Ontario plans to vaccinate children

(Toronto) Ontario health units are developing plans to vaccinate children ages five to 11 after Health Canada approves COVID-19 vaccines for this age group.

Toronto Public Health has also formed a committee to plan the eventual vaccination of 200,000 children ages five to 11 in the metropolis. The city’s medical director said Monday that public health aims to be ready for the start of vaccination in November.

The regional directorate for public health says that health partners, school boards, community representatives and the provincial health ministry are involved in this broad planning.

Health officials in the Peel, Middlesex-London, Hamilton, Ottawa and York region have also said they are making arrangements. In Ontario, regional public health directorates are responsible for administering vaccines, following the advice of the provincial government.

Children under the age of 12 are currently not eligible for any of the vaccines approved for use in Canada. Toronto Mayor John Tory said the committee is now being formed so that children can get vaccinated quickly when Health Canada approves vaccination for this cohort of children ages five to 11.

“This will help keep our children safe and provide better protection in our schools and in our communities throughout the city,” he said in a statement.

The Peel region medical director said his public health unit was “ready to implement a vaccination strategy” for this cohort, pending approval from Health Canada.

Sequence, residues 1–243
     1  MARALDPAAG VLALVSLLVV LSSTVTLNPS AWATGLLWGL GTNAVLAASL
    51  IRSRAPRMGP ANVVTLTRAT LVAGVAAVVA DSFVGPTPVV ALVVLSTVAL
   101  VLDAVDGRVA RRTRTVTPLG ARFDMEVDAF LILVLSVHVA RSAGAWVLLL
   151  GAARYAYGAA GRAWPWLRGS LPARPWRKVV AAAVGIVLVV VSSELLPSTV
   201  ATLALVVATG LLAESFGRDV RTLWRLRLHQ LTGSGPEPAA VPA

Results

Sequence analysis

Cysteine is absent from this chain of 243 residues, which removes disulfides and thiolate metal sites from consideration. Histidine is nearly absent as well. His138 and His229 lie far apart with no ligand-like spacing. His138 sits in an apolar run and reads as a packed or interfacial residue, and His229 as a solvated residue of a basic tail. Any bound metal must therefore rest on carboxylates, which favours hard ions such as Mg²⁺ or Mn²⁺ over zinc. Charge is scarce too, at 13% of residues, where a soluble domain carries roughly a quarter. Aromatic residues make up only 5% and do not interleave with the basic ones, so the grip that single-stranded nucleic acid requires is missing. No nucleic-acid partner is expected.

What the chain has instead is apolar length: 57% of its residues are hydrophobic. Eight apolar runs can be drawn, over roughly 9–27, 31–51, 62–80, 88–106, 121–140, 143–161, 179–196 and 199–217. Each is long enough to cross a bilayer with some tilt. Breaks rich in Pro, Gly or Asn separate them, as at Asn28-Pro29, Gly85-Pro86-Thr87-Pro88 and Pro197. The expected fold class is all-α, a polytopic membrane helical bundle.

The Middlesex-London region medical director said his health unit was working with pediatric care providers to ensure clinics were “properly designed to support young children and young families.”

“We are working with families and children to make sure we have thought of all potential aspects,” Dr. Chris Mackie said in a statement. “We have high hopes and hope to start as soon as the announcement is made.”

Ottawa Public Health said it was working with stakeholders in different settings to immunize the city’s 77,000 children in this age group.

These scenarios, which will depend on when the vaccine is approved, include more staff, different clinic locations, and awareness campaigns for children and their families.

Children born after 2009 are currently not eligible for any of the COVID-19 vaccines approved in Canada. Pfizer has announced plans to seek approval for a vaccine for children ages five to 11.

A spokeswoman for Ontario Health Minister Christine Elliott said the province is working with public health and other partners to obtain vaccines for children in this age group “as soon as they are approved by Health Canada.”

“In the coming weeks, we will ensure that parents and children are well aware of the options available to them to receive a COVID-19 vaccine,” Ontario government press secretary Alexandra Hilkene said in a statement.

The Coronavirus Situation in Ontario

Ontario reported 613 new COVID-19 cases on Monday, but no new deaths.

The Health Ministry said 74% of these cases involved people who are not vaccinated or whose vaccination status is unknown. More than a third of new cases involve people between the ages of 20 and 39.

There were 184 people in intensive care due to COVID-19; seven of them are fully vaccinated, 11 are partially vaccinated, 102 are not vaccinated, and the vaccination status of 64 people is unknown.

In addition, 135 new cases were linked to schools, the majority among students.

Approximately 86% of eligible Ontarians received at least one dose of the COVID-19 vaccine, and approximately 80% received both doses.

With information from Noushin Ziafati

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